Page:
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The deadly words deceased speak quietly of the end of our lives. Canadian polite society for the most part try to avoid the subject all-together not able/ wanting to accept the reality that everyone dies.

At my age the present is a fleeting finite moment in time and death is future constant in my life: the only question is when and how I will die? " People plan and God laughs" the sages teach us. We all have two non renewable precious resources: our health and our time.

To help relieve my fears of the unknown Ella and I went to the St Joseph’s Hospice on Windermere Road for a tour and a delicious lunch. We were warmly greeted by Perry Esler, Director, Community Engagement and Development, Linda Palmer, Development Officer & Julie Johnston, the Executive Director.

I have to confess that I am not comfortable in a hospital like setting and suffer from " white coat syndrome": a fast heart beat along with soaring blood pressure numbers even when I see my doctor for a check up. Wonder of wonders I found that I was very comfortable in the St Joe’s’ Hospice. It was similar to visiting a five star hotel with all of the amenities that money can not buy.

I was impressed to learn that whether in the community, The Wellness Center, or the 10-suite residence, clients and their families receive quality care at no finacial cost. St Joseph’s receive 48% of it’s operating funds from the Ontario Ministry of Health and Long Term Care to cover direct medical care, however they rely on donations from the community to fund the remaining 52% ( about $1.3 million annually).

Please come along with us to see what we learned. The building is set on a park- like setting with ten spacious suites with floor length windows and balconies facing the woods. The usual sterile antiseptic hospital odors have been replaced by the aroma of coffee, fresh baked muffins and chocolate chip cookies in the morning.

Specially designed beds chairs, air mattresses and bathrooms help alleviate the pain for the residents. There are beautiful welcoming rooms with fire place inserts that have been set aside to encourage the family members and friends to visit the residents 24/7.

In our busy lives time, computers, cell phones seems to be the essence of our being. None of the staff were attached to their umbilical like cell phones; the staff focused on the well being of their patients.

I did not observe any clocks keeping track of ordinary time. The patients and staff seemed content to focus on eternal time. Seconds, minutes hours days, stress, seemed to evaporate into thin air to be replaced by a beautiful rainbow of contentment time to reflect on one’s past memories of love and affection.

There is even a special room set aside for a spa offering up warm inviting baths, stylish hair styles and manicures/pedicures to make you feel special.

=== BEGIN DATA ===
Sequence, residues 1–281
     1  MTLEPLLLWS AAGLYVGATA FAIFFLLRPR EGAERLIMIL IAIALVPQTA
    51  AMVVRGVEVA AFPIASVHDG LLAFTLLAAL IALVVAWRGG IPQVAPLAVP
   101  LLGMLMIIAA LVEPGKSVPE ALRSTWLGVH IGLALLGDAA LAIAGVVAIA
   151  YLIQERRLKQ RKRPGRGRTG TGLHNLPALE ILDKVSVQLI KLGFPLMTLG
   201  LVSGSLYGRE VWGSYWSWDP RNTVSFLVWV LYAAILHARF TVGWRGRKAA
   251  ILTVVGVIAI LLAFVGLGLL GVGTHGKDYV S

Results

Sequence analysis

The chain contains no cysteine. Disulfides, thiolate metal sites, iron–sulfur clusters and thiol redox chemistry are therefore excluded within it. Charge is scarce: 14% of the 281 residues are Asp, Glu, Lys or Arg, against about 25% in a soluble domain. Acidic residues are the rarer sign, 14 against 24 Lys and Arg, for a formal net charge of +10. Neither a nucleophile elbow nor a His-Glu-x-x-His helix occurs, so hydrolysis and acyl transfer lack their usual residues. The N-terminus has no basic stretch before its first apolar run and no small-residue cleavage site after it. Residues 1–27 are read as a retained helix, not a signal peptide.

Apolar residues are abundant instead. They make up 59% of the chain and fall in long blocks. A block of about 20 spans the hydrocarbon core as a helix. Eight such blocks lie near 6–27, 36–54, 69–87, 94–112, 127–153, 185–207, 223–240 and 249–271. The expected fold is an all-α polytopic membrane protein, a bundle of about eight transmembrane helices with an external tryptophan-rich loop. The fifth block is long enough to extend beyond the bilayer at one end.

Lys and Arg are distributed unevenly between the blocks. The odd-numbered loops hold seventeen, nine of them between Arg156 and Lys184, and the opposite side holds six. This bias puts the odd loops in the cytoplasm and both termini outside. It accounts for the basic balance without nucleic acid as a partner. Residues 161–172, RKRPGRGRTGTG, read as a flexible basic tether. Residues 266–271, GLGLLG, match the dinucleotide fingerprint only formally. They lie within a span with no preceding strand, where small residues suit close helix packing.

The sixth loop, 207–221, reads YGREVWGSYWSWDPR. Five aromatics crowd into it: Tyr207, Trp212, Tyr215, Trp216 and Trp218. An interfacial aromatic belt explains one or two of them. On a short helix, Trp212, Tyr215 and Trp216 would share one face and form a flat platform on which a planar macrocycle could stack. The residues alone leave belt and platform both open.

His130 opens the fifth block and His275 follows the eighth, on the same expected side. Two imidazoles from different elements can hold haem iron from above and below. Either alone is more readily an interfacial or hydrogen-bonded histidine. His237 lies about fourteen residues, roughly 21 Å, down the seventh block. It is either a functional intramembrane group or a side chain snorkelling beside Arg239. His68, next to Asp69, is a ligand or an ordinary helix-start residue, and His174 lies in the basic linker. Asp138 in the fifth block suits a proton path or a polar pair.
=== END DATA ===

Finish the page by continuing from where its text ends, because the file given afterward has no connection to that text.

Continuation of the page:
"Hospice provides therapeutic treatments and energy therapies such as massage therapy, reflex ology from professional therapists".

St Joseph’s warmly welcomes all people in need of a hospice setting regardless of one’s faith ethnicity or sexual orientation. Everyone needs to have a raison d’etre, a reason to feel appreciated for their being special. Last year they cared for more then 160 palliative care residents who benefitted from the end- of- life specialized care.

Hospice spent 2,300 hours visiting those living with a terminal illness in the community and provided 500 individual counseling and group programs for the bereaved. 320 volunteers graciously gave of their time. along with a caring staff of doctors, nurses, physiotherapists who all works in tandem to bring forth a sense of respite to the dying and their families.

The average stay for those in need is 21 days but there are no final best- before- dates set in stone to vacate the center. When it is the people’s time to move on to a different destination the journey has been made easier with the help of St Joe’s Hospice .

I observed an Honour Guard of care-givers who escorted a recently deceased former resident of hospice to the waiting funeral van. They all bowed their heads and folded their arms to show their respect for the departed. The simple farewell gesture ceremony of adieu is accorded to all the deceased former residents. I was very impressed.

The Mission statement seemed to sum it all up: "St Joseph’s Hospice cares for people on their end -of- life journey and provides a haven where the palliative ,the care giver and the bereaved experience compassion, hope and healing."

You too can make a difference. You can share the journey. Ella and I have decided to add St Joseph’s Hospice to our living will to ensure that the good work/deeds are there for people in need at the end of their life. Check out the St Joseph’s excellent web site www.sjhospicelondon.com

We have set aside adequate funds for our adult children and grandchildren that they have enough to do something but not enough to do nothing.

Len Lesser, Dorchester ,Ont.

Len Lesser

Len Lesser posts a report every week

You can email Len at lenlesser@hotmail.com